Based on our report that nucleolin (NCL) serves as a receptor for Tipα entry into gastric cancer cells,40 we evaluated whether BTG2 regulates NCL expression. When RT–qPCR and IB analyses were performed, the mRNA (Figure 3a) and protein (Figure 3b) expression of NCL was significantly reduced in the BTG2 expresser compared with that in the LacZ control. Inhibition of NCL expression by BTG2 gene was independent of Tipα treatment in MKN-1 cells (Figure 3c), and the inhibition was also observed in MGT-40 cells (Supplementary Figure 5). To investigate the mechanism of the inhibition, potential transcription factors bound to the promoter of the NCL gene up to 2 kb were screened using Alibaba 2.2 software (Supplementary Table 2). Based on their frequency, Sp1 binding to the NCL promoter was examined by ChIP, and we observed the strong binding of Sp1 to the NCL promoter, which was well supported by the higher NCL expression in MKN-1 cells than that in normal HDF cells (Supplementary Figure 6). When analyzed by RT–qPCR (Figure 3d) and ChIP (Figure 3e), BTG2 expression significantly inhibited the expression and binding of Sp1 to the NCL promoter. The data were plotted after three independent experiments. When MKN-1 cells were transfected with siBTG2, the BTG2-inhibited Sp1 binding to the NCL promoter was recovered by the ChIP assay with the anti-Sp1 antibody (Figures 3f and g, ***p<0.001). The data were also quantified after three independent experiments. Taken together, BTG2/TIS21 inhibited NCL transcription by downregulating Sp1 binding to the NCL promoter, which might downregulate Tipα-associated gastric carcinogenesis.
Inverse regulation of Tipα-induced TNFα expression by NCL and BTG2
Because the endogenous expression of NCL was high in the gastric cancer cells (Supplementary Figure 6a) along with the strong binding of Sp1 to its promoter, the regulation of Tipα-induced TNFα expression by BTG2 was reevaluated after the knockdown of NCL expression in MKN-1 cells. Tipα-induced TNFα expression was significantly reduced in the BTG2 expressed; thus, knockdown of BTG2 failed to inhibit TNFα expression (Figure 4a). The data indicate that BTG2 inhibits Tipα-induced TNFα expression independent of the NCL level. Next, when the effect of NCL on Tipα-induced TNFα expression was evaluated, it was significantly reduced in both the LacZ and BTG2 expressers after knockdown of NCL expression (lanes 4 and 8 in Figure 4b) compared with that in the control (lanes 2 and 6 in Figure 4b); however, the level was much higher in the cells with siBTG2 transfection than in the siControl-transfected cells (lanes 8 and 12 in Figure 4b). The data suggest that inverse regulation of Tipα-induced TNFα expression by BTG2 and NCL, as well as the regulation by BTG2 or NCL, was independent of Tipα treatment in MKN-1 cells under the knockdown of BTG2 and NCL genes (Supplementary Figure 7). Immunoblotting analysis was performed to confirm the knockdown efficiency of siRNAs and analyze the expression levels of TNFα, nucleolin and BTG2-HA. α-Tubulin was used as a loading control (Figures 4c, d).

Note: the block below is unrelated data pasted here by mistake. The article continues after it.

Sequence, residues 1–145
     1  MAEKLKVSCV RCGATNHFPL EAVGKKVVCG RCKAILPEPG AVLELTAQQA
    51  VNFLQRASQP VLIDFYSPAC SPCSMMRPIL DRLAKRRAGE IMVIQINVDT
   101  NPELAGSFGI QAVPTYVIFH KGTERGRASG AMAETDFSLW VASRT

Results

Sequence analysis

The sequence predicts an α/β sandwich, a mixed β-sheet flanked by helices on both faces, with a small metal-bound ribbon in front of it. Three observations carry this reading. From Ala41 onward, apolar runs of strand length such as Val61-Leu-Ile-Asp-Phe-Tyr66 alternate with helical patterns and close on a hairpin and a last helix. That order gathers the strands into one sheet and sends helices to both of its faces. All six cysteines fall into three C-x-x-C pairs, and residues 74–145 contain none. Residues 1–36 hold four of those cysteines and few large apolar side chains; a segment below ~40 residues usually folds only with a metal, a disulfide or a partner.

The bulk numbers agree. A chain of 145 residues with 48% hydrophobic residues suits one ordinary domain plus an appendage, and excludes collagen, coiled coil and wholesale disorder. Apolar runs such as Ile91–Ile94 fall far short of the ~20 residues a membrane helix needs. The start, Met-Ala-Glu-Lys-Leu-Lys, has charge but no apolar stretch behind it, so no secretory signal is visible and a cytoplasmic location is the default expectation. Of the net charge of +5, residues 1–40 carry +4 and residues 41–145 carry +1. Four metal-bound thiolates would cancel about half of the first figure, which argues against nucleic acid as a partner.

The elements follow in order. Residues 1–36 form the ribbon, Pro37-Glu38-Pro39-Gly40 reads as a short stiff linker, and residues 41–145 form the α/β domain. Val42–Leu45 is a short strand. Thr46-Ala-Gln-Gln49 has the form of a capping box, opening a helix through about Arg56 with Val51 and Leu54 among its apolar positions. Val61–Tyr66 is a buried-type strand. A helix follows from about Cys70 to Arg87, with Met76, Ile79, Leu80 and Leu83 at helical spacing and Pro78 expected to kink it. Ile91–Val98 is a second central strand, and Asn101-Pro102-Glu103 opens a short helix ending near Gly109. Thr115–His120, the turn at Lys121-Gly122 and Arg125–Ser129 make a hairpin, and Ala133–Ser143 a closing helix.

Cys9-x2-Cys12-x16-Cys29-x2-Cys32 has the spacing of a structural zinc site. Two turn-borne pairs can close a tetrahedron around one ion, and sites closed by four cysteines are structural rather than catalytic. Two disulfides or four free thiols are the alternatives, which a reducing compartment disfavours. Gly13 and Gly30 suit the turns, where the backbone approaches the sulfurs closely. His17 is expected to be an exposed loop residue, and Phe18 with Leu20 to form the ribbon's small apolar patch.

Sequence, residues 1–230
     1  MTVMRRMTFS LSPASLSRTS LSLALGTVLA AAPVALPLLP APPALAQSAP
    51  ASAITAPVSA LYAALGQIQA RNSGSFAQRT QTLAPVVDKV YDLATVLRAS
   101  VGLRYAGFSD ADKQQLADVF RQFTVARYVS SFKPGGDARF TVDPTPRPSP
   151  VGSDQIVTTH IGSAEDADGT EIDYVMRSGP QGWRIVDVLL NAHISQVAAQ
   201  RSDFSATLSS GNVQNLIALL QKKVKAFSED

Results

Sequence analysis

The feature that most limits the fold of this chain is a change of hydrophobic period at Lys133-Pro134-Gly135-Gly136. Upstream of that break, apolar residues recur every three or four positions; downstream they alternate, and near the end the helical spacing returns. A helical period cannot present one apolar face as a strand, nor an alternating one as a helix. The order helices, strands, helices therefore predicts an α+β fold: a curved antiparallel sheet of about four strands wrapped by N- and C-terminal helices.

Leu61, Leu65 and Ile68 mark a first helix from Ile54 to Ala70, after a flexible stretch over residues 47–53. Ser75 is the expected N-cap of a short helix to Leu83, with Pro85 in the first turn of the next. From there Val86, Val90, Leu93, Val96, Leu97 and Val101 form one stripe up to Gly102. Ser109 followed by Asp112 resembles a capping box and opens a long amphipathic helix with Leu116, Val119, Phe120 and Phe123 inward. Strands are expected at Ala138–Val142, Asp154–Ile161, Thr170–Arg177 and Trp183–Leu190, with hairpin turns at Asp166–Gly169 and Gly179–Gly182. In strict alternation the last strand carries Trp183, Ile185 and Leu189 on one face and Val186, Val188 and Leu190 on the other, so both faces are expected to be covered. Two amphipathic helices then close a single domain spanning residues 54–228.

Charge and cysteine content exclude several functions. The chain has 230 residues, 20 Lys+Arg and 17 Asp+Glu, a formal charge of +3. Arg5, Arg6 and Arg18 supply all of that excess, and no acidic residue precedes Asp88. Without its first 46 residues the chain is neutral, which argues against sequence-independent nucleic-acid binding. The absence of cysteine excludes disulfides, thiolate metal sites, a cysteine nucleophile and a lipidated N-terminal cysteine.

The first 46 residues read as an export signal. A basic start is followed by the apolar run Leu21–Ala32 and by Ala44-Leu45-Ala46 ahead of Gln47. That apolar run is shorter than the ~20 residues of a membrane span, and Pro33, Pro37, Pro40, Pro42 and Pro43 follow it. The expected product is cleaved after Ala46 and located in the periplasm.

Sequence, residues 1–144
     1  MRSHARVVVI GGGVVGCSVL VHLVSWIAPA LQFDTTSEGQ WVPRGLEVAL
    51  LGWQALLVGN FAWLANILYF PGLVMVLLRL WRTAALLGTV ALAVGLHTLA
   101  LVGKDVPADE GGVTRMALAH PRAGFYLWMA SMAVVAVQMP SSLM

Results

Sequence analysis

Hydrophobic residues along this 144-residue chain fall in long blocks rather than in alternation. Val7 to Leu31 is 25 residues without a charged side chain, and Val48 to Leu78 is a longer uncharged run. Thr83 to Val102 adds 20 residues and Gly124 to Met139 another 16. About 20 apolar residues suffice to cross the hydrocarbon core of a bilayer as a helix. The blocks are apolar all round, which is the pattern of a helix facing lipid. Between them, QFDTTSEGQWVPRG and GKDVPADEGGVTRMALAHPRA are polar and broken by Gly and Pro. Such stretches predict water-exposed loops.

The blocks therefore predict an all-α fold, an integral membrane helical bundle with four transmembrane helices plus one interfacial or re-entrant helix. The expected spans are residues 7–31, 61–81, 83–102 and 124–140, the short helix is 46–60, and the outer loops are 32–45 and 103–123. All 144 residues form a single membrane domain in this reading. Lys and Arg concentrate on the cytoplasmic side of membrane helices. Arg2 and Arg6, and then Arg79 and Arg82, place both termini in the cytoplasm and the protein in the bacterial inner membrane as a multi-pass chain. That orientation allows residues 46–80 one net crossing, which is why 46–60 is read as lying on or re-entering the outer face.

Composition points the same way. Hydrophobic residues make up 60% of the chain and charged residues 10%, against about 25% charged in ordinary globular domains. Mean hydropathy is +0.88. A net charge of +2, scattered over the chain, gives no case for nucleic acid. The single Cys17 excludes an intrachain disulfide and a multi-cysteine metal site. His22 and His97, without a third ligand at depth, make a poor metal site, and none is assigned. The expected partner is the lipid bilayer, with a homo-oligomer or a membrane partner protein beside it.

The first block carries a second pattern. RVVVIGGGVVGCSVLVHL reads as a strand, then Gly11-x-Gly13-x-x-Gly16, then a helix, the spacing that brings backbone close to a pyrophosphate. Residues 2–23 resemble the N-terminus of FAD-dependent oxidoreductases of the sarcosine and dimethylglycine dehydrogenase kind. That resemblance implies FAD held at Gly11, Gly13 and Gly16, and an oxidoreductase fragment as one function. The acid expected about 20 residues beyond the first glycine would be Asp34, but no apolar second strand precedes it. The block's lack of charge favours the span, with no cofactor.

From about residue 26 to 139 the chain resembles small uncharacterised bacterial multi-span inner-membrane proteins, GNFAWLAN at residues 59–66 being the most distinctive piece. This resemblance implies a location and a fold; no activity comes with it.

Reciprocal expression of BTG2/TIS21 and nucleolin expression in normal and cancer regions
To explore whether BTG2/TIS21 regulates the intracellular localization of NCL protein, cell fractionation was performed in MKN-1 cells, followed by IB analysis. Transduction of Ad-BTG2 into MKN-1 cells clearly reduced membrane-localized NCL expression compared with Ad-LacZ (Figure 5a). When the expression of NCL and BTG2 was examined by IHC in human gastric cancers, BTG2 expression was absent in carcinoma cells (rectangle) compared with the expression in normal tissue (arrow). By contrast, NCL expression was much stronger in the carcinoma (rectangle) than in the normal tissue (Figure 5b), supporting the reciprocal expression of BTG2 and NCL. The expression level was quantified by two pathologists according to the staining score as shown in Supplementary Figure 1c; BTG2 expression in cancer tissue was approximately 1/4 that in normal tissue (26.9±28.3 vs 113.5±61.3, p<0.01), but NCL expression was higher in cancer tissue than in normal tissue (p<0.05, Figure 5c), indicating the loss of BTG2 expression in contrast to the gain of NCL expression in cancer tissue. NCL expression was strong in the nuclei of both normal and cancer tissues, whereas cytoplasmic expression was relatively stronger in the cancer region than in the normal region (Figure 5d, Supplementary Figure 1d). When the frequency was counted under a microscope, that of cytoplasmic NCL was significantly higher in cancer tissue than in normal tissue (15.3±6.6 vs 4.8±4.8, Figure 5e), confirming the reciprocal expression of BTG2/TIS21 and NCL expression in gastric cancer tissue and cell lines.
Inverse regulation of overall survival in gastric cancer patients by BTG2/TIS21 and NCL genes
To examine the clinical correlation between the overall survival of gastric cancer and expression of BTG2/TIS21 and NCL, Kaplan–Meier analysis was carried out using the open data. BTG2 high expression significantly increased overall survival compared with the low expressers (p=0.024, Figure 6a), whereas NCL and Sp1 high expression showed a negative impact on the overall survival of the poorly differentiated gastric cancers (p=0.033 in Figures 6b and p=0.055 in Supplementary Figure 8).